A Five-Step Plan for Better Supply Chain Security

Like-minded countries must work together to find the best way to make international trade more secure, says Earl Agron, vice president of security for global container carrier, APL (www.apl.com).

During the recent Asia Pacific Economic Cooperation (APEC) Symposium on Total Supply Chain Security in Singapore, Agron told an audience of government, military and industry leaders that the five key steps that would help improve supply chain security are:

  1. A concentrated focus on public-private sector collaboration
  2. More information for the effective targeting of suspect containers
  3. An intelligent regulatory framework; balancing security with trade flow
  4. Improved non-intrusive container inspection technology
  5. Development of long-term security technology solutions through the collaboration of supply chain stakeholders.

The public sector's primary responsibility was to protect its citizens, said Agron, a 25-year APL veteran, who has an extensive background in equipment logistics and container terminal operations. However, the private sector owns and operates much of the supply-chain infrastructure that could fall prey to terrorist attack. Agron repeatedly said that a balance must be struck between the need to secure the supply chain without bringing global trade to a halt.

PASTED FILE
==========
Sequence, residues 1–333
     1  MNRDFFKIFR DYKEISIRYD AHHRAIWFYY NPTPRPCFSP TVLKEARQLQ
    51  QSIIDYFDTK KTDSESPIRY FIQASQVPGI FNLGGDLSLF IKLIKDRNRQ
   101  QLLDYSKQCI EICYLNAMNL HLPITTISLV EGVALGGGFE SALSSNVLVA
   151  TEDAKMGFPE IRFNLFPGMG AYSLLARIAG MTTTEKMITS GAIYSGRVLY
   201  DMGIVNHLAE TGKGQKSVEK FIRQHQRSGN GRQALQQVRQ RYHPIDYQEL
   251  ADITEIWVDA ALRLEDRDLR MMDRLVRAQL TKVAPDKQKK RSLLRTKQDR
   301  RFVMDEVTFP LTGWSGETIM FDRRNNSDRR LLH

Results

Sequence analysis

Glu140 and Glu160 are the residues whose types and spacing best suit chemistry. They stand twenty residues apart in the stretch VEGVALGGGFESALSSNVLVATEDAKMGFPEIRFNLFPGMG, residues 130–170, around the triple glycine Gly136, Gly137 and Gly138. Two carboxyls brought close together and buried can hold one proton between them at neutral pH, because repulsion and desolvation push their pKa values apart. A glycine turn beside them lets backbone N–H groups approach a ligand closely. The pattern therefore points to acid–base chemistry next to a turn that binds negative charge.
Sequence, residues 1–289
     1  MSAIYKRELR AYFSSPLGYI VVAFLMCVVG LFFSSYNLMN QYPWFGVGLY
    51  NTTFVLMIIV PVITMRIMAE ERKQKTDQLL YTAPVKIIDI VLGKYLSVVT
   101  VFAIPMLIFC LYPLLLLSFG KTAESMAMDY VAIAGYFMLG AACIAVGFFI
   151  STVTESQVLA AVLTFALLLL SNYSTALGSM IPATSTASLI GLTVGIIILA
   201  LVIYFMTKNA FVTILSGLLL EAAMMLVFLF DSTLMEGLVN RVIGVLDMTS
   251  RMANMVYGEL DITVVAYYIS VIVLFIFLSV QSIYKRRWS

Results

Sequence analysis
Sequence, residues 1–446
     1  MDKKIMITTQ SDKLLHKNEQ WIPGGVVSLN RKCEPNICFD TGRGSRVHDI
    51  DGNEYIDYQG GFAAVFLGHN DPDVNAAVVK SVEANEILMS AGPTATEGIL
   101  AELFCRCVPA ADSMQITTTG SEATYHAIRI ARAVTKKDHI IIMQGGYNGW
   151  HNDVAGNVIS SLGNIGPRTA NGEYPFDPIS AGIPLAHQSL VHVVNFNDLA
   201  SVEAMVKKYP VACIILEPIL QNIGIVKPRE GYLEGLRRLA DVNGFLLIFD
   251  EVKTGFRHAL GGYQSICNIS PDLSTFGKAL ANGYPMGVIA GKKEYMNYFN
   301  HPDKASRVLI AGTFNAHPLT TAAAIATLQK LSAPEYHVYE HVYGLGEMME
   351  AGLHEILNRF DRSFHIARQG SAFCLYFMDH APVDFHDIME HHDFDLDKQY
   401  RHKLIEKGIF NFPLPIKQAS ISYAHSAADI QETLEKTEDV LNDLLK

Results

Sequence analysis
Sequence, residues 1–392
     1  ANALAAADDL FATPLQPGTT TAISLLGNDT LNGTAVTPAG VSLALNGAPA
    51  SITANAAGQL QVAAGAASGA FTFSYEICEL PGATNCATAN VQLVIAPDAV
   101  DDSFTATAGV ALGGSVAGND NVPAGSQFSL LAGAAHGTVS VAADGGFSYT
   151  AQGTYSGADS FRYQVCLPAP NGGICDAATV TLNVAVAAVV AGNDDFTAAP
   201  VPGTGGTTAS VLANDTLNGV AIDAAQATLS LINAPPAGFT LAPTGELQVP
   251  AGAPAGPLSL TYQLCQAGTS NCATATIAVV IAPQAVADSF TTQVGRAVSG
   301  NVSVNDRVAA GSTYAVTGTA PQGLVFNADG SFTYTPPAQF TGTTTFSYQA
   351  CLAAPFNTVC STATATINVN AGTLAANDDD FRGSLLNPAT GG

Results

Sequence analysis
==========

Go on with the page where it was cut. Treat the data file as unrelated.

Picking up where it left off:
The biggest challenge in supply chain security, said Agron, was knowing "what's in the box," referring to the millions of cargo containers constantly circling the globe. More information on who is shipping and receiving cargo and where it was loaded could help customs and border protection officials target suspect containers that require inspection.

Agron urged for the more effective deployment of radiation portals and gamma ray detection equipment to screen containers. But he cautioned that new security technologies must be developed collaboratively by supply-chain stakeholders, and that such technology has to be cost effective.

"There is an avalanche of technology solutions looking for a problem to solve," said Agron. "We need to pause and find the right technology in a more systematic way."

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